Cutting Tool Engineering
September 2011 / Volume 63 / Issue 9

Cleared for takeoff

By CTE Staff

Superior Drilling Products, Vernal, Utah, repairs drill bits for the oil and gas industry. The 3"- to 24"-dia. bits feature tungsten-carbide bodies tipped with PCD. SDP rebuilds the bodies, replaces the cutting edges and regrinds complex bit contours to customer specifications. Founded in 1993 by Troy Meier and his wife, Annette, SDP pioneers new repair techniques that support the global bit rental market.

SDP also seeks ways to help its customers succeed. One of those customers was struggling to machine a complex, approximately 7"-dia., 14"-long, 4145 steel reamer. The machining operations included turning on a lathe, threading on another machine, contour milling on a machining center and pocketing on yet another machine. The lengthy process was expensive and caused production backlogs.

Courtesy of Superior Drilling Products

CAM programmer Jared Spencer (seated) discusses details of a Mastercam CAM program with David Gale, manufacturing manager.

Meier volunteered to find a way to efficiently produce the reamer and reasoned the operations could be consolidated on a multitask machine. With the guidance of Hartwig Inc. representative Lynn Smith, he acquired an Okuma Multus-B400 7-axis multitask machine. Because the machine mills, drills and turns, it produces parts in one chucking. To program the reamer, SDP bought a seat of Mastercam X5 Mill CAD/CAM software from CNC Software Inc., Tolland, Conn.

Meier’s reasoning, however, involved a leap of faith. SDP’s prior machine tool capability was limited to two lathes outfitted as grinders. In addition, the employees assigned to produce the reamer included the company’s IT manager, whose background was in TV broadcasting, and an inspection staffer who is also an experienced pilot and flight instructor.

According to David Gale, the former IT manager and current manufacturing manager, “Troy said this machine is coming, here’s what I want you to make, figure it out.” Jared Spencer, the pilot, was responsible for learning Mastercam to produce toolpaths.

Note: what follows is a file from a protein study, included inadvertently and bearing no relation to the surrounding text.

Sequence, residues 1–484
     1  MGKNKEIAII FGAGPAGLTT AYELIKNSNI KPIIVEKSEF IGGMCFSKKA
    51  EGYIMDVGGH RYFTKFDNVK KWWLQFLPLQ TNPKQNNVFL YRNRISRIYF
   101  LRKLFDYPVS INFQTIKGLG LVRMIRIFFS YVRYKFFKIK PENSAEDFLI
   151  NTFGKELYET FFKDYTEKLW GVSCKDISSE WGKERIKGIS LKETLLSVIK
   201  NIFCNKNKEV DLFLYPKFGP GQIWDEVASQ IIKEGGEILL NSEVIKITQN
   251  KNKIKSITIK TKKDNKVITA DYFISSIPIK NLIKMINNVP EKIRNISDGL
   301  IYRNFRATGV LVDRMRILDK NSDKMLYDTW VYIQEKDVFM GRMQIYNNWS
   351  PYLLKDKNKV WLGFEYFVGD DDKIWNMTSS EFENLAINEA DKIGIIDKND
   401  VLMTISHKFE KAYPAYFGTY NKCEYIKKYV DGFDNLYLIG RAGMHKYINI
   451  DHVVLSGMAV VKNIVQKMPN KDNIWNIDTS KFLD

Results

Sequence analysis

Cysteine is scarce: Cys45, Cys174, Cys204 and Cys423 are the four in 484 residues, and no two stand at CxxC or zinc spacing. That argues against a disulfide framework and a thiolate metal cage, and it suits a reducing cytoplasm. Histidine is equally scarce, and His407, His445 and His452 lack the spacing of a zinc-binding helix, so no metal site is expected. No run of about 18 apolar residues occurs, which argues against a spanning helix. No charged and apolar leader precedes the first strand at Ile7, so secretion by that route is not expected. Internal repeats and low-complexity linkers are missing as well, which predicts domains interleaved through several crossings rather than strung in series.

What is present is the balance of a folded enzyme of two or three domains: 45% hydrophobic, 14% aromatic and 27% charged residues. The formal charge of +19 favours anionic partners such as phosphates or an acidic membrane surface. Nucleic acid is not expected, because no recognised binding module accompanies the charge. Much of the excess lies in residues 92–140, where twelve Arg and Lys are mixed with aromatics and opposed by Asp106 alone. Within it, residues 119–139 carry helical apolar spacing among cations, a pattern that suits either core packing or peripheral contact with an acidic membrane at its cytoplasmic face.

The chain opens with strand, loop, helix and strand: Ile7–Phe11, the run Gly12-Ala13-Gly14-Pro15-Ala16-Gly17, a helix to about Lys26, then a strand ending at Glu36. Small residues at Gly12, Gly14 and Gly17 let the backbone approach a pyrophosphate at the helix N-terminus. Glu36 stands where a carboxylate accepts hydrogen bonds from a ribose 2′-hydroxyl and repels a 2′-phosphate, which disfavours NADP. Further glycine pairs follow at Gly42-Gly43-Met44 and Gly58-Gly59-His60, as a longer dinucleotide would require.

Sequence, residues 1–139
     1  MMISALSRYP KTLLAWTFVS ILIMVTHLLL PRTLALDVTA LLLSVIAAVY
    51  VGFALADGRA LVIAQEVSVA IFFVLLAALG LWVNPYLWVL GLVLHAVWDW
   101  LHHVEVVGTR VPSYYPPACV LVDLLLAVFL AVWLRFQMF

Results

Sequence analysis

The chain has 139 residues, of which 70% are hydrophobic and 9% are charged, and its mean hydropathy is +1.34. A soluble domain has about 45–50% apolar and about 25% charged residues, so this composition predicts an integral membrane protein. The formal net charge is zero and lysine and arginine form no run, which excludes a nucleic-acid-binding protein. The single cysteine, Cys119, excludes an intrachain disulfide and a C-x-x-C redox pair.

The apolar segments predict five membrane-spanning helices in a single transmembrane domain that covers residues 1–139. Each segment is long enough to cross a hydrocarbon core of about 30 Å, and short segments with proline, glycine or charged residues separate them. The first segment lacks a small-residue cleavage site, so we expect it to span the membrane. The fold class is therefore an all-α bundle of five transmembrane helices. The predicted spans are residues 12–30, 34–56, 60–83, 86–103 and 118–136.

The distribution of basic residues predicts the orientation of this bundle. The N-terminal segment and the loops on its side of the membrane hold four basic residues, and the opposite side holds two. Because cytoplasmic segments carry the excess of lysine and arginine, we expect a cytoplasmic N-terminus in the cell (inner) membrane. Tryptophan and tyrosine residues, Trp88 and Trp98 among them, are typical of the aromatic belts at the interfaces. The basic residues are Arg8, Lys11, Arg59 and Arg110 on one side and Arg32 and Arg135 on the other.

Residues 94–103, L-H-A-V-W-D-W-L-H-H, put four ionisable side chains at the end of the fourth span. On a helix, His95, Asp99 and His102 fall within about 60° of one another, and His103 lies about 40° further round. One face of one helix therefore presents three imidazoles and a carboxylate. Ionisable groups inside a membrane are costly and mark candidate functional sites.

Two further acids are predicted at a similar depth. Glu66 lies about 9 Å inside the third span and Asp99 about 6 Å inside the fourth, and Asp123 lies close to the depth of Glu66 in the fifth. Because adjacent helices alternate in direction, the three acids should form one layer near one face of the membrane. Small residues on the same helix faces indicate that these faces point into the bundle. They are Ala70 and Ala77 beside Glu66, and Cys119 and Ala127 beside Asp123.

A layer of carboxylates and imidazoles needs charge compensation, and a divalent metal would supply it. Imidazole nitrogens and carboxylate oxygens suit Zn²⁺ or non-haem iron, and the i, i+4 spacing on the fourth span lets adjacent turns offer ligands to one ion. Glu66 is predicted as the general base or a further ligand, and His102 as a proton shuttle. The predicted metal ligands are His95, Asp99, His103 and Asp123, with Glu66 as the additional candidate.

Spencer’s familiarity with CAD/CAM was restricted to some architectural CAD study in high school. However, the discipline and focus a pilot requires helped prepare him for programming a CNC machine. “Both are tremendously challenging,” he said. “A lot of thought processes go into them.”

Spencer received help from Josh Sinykin, who represents Mastercam reseller Remote Machine, Sandy, Utah. Sinykin noted that he frequently works with business startups and is used to dealing with inexperienced programmers. “When we have customers who are inexperienced or even an experienced machinist who gets a new, more capable machine, we go in and help them make sure their code is good and show them how to set up and program their first part.”

The major portion of Spencer’s CAM education came via CNC Software’s online Mastercam University. The video training program offers courses covering programming basics, toolpaths and machining principles. The classes are available 24/7, allowing users to learn at their own pace and at their own locations.

The online training fit Spencer’s approach to learning. “I’m a hands-on kind of guy,” he said. “I would watch and listen to what the instructor said. If I didn’t get the point, I would rewind it and listen again. I didn’t have to feel like I was stopping the class and frustrating people who were picking it up faster than me. I could listen to it 10 times if I needed to.” The classes are application-oriented, Spencer said, noting that each instructor “shows you on the video the exact thing you are going to see in the software.”

With the training, Spencer learned to program toolpaths, import solid models and STL files, work in surfaces and perform various operations, such as engraving. Sinykin pointed out that many colleges employ the online program to enable students to gain Mastercam programming certification as they earn their 4-year degrees.

In October 2010, Spencer accepted responsibility for programming the reamer. November and December were consumed with getting the new multitask machine up and running, and the shop produced a part for customer approval in January 2011. The customer’s satisfaction with the reamer SDP produced immediately resulted in contracts for further work.

Just as there are different flight paths to a selected destination, Spencer found that CAM programming offers many ways to accomplish a given task. He said: “Josh showed his way of doing certain things. The instructor on the Mastercam video had some different approaches that made programming even faster. We also have a manufacturing process consultant on staff, and he has been showing me other ways to speed up and improve my programming. Everybody has their own way to get from point A to point B.”

CUTTING TOOL ENGINEERING Magazine is protected under U.S. and international copyright laws. Before reproducing anything from this Web site, call the Copyright Clearance Center Inc.
at (978) 750-8400.